[Date Prev][Date Next][Thread Prev][Thread Next][Date Index][Thread Index]
Re: [anonymous] [bugs #11124] ls stats symbolic link targets (fwd)
Re: [anonymous] [bugs #11124] ls stats symbolic link targets (fwd)
Sun, 28 Nov 2004 16:30:07 -0700
Jim Meyering wrote:
> Forwarding from savannah.
> Subject: [bugs #11124] ls stats symbolic link targets
> From: anonymous <address@hidden>
> URL: <http://savannah.gnu.org/bugs/?func=detailitem&item_id=11124>
Since that bug was posted anonymously I don't see how any reasonable
discussion can make it back to the original bug poster. Sigh.
> Summary: ls stats symbolic link targets
Only if the user specifically asks for that behavior. And if the user
specifically asks for it then I don't think there is anything else
that can be done about it. The old joke says, "Doctor it hurts when I
do this." The doctor says, "Don't do that."
I do not believe this is a GNU coreutils issue. This is a system
integration issue. The 'distro' or other system integration would
deal with this as part of the configuration of the overall system.
Therefore this note from here on down is off-topic for this mailing
list. Delete now if you are not interested in this off-topic
Off topic discussion follows.
> Original Submission: ls appears to stat not only the files in the
> directory being listed, but also files that are referenced by symbolic
> links. This can take a significant amount of time if the links are to
> automounted NFS directories, for example.
That behavior has always been true when using NFS filesystems. It can
also block in that case too since you are leaving your own local host
and asking a remote host to respond. NFS has a long history of
problems and issues with regard to things like this. But so far
improved replacements have not been available to replace NFS. And so
NFS is still the most prevalent networked filesystem. I would love to
have an improved replacement widely available.
> The setup I noticed this with is two Fedora Core 2 systems
> configured with /net automounting between them and convenience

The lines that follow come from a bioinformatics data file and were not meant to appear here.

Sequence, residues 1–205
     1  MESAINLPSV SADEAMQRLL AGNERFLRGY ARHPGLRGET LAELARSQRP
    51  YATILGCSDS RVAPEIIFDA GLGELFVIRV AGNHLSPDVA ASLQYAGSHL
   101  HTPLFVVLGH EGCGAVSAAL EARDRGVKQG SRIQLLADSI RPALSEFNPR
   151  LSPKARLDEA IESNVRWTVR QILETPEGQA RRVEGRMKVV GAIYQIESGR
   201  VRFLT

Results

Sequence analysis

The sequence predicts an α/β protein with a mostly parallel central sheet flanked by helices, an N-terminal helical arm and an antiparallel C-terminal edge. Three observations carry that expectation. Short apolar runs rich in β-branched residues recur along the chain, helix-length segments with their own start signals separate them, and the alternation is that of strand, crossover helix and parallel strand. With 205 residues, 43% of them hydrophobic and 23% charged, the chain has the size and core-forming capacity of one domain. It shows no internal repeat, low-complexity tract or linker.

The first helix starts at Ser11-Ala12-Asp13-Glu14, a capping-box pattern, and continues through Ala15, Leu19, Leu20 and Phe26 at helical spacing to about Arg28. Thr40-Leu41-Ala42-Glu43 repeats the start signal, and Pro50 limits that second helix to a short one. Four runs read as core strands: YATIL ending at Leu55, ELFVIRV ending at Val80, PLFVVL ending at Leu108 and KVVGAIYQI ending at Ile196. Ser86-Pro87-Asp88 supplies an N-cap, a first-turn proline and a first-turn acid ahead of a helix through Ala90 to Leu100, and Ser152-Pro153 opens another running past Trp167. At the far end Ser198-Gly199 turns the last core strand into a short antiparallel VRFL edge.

> symbolic links in the root of one machine (/mp3 -> net/other/mp3).
Ew, symlinks from / to another machine! That is strictly forbidden on
any machine I administer. I imagine that any group with a history of
using NFS has similar conventions.
[Aside: In the old days on SysV systems at least 'ps' would hang if a
/symlink would also hang. I can only guess at what existed in the
source code to create that behavior. But it is one of the reasons I
forbid /symlinks off the local machine. If you must have them then
they must exist in a subdirectory below / such as /somedir/somelink.]
> I can imagine this being intolerable on systems where /home is
> full of links to host:/export/home/user, which I believe to be
> fairly common practice.
Hmm... I don't think I would call that common practice. If anything
I think people try to avoid having a farm of symlinks specifically for
that reason. I think if anything doing it that way is a naive
implementation prone to this problem and others too. I think it is
unfair to blame 'ls' here.
There are three types of mounts for the automounter. 'host' maps,
'direct' maps and 'indirect' maps.
Personally I am most familiar with 'host' maps in /net where
/net/somehostname maps to a local machine. To me this is the most
common type of automount I see. But it is cultural and other people
will have other experiences. And there are also numerous problems
with host maps. It is what we normally do here. But I know other
shops that forbid host maps.
To avoid the problems with 'host' maps many people use 'direct' maps.
Basically generate a list of every possible mount point. Then
automounter knows about every possible directory. An 'ls -l' NFS
mounts everything. This causes "mount storms". This is the same